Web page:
New Model Predicts Risk of NAS

New Model Predicts Risk of NAS
Predictive tools offer an aid to providers deciding on management plans.

A published predictive model and website application are a first step in helping clinicians tailor treatment of of neonates at risk for neonatal abstinence syndrome (NAS) more appropriately.

Stephen Patrick, M.D., a neonatologist and director of the Center for Child Health Policy at Monroe Carell Jr. Children’s Hospital at Vanderbilt, is the primary investigator on this work. Patrick says without a predictive tool, all opioid-exposed infants are managed in the same way, regardless of their true risk of developing the syndrome.

“In the U.S., one infant with neonatal abstinence syndrome is born about every 15 minutes,” Patrick said. “Many are observed excessively.”

“One infant with neonatal abstinence syndrome is born about every 15 minutes. Many are observed excessively.”

Instead of the normal one to three days in the hospital, Patrick says opioid-exposed infants stay four to seven days, per American Academy of Pediatrics recommendations. “This long period of observation increases heath system costs and may also interfere with bonding if infants are transferred to a neonatal intensive care unit.”

Model Development and Validation

The researchers studied Tennessee Medicaid records on 218,020 maternal-infant dyads, among whom 3,209 of the infants had an NAS diagnosis. They first developed a general population model that accounts for 30 demographic and prenatal exposure covariates during pregnancy.

They then developed a second model for infants at high risk of having withdrawal, by isolating nine factors most pivotal in NAS: maternal age, gestational age, birthweight, sex, number of cigarettes per day, opioid type, and exposure to hepatitis C, benzodiazepines or gabapentin.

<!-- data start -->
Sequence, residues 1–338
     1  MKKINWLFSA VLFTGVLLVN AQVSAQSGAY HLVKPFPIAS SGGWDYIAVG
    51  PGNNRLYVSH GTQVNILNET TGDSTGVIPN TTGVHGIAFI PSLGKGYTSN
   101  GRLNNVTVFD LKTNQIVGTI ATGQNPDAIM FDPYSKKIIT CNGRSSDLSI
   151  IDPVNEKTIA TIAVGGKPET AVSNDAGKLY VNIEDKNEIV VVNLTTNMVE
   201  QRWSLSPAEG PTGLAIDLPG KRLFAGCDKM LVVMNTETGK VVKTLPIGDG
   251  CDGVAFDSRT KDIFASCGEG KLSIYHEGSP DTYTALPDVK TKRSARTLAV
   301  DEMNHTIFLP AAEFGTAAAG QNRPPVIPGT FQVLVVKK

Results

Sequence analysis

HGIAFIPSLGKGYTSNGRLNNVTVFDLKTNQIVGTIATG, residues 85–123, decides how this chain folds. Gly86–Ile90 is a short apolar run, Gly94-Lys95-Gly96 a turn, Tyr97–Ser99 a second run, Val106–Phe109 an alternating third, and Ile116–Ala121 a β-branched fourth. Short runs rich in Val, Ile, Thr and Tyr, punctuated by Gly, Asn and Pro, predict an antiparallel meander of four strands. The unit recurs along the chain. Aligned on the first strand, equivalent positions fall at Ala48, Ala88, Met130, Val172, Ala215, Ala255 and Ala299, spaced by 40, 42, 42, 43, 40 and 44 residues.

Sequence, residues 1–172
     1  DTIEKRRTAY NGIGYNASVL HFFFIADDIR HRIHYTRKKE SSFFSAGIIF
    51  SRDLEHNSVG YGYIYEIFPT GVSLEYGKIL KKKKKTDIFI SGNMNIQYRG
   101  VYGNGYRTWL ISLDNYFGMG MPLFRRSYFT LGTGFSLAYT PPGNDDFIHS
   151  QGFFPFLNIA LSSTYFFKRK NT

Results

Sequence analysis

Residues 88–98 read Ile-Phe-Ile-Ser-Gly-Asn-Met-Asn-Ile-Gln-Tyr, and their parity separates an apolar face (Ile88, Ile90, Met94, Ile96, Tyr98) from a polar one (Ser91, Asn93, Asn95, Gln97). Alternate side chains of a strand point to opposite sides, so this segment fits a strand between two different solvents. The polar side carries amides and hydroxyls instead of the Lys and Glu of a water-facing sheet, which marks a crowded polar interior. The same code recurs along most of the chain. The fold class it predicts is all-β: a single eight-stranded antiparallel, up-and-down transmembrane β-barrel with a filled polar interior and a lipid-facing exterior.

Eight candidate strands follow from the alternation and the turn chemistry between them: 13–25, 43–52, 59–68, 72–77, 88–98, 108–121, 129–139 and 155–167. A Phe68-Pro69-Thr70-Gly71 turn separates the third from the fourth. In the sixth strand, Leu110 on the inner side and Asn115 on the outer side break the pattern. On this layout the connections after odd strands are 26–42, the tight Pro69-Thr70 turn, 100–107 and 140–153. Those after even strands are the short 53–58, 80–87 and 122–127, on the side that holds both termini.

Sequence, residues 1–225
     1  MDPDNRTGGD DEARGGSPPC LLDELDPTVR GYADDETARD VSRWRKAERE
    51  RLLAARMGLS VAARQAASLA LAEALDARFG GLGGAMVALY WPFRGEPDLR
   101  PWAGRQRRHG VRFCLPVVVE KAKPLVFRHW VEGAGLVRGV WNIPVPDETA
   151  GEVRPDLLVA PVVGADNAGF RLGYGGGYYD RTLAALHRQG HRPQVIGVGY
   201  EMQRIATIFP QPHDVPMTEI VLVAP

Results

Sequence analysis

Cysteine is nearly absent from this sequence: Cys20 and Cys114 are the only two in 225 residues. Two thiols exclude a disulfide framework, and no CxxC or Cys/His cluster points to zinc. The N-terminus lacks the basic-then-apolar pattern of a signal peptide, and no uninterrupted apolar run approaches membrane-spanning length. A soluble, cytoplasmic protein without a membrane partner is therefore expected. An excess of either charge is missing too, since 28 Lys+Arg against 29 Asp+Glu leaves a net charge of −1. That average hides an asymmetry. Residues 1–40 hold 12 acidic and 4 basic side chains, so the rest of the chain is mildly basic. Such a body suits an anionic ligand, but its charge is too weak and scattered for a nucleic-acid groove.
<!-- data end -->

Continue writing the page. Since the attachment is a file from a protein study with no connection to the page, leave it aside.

Both models discriminated well between infants who developed the syndrome and those who did not. Patrick says the simpler tool with fewer covariates is available online and will be pursued in future studies.

Validation will require large numbers in a clinical cohort, Patrick noted. “We are using data from Vanderbilt patients to understand how it performs in a real-world situation,” he said. “A pragmatic clinical trial would be next.”

Family-centered Recovery Assistance

The NAS predictive model complements existing initiatives which engage neonatology, obstetrics, addiction medicine and pediatrics in broadly supporting pregnant women with opioid use disorder and their families. The Vanderbilt Maternity Addiction Recovery Program is one such initiative. Team Hope, a program to improve the care of opioid-exposed infants and their mothers, is another. “Team Hope laid the groundwork for our CMS model,” Patrick said.

“Centers devoting resources to excess observation in the hospital could instead use those resources to enhance family support and addiction treatment.”

The new model dovetails with these kinds of initiatives for spending more strategically on maternity and neonatal care. “Our hope is that sometime in the future, centers devoting resources to excess observation in the hospital could instead use those resources to enhance family support and addiction treatment,” he said. “All of these efforts move us toward a more sustainable way to provide care – furnishing more resources upstream, rather than reacting to the problem in our hospitals.”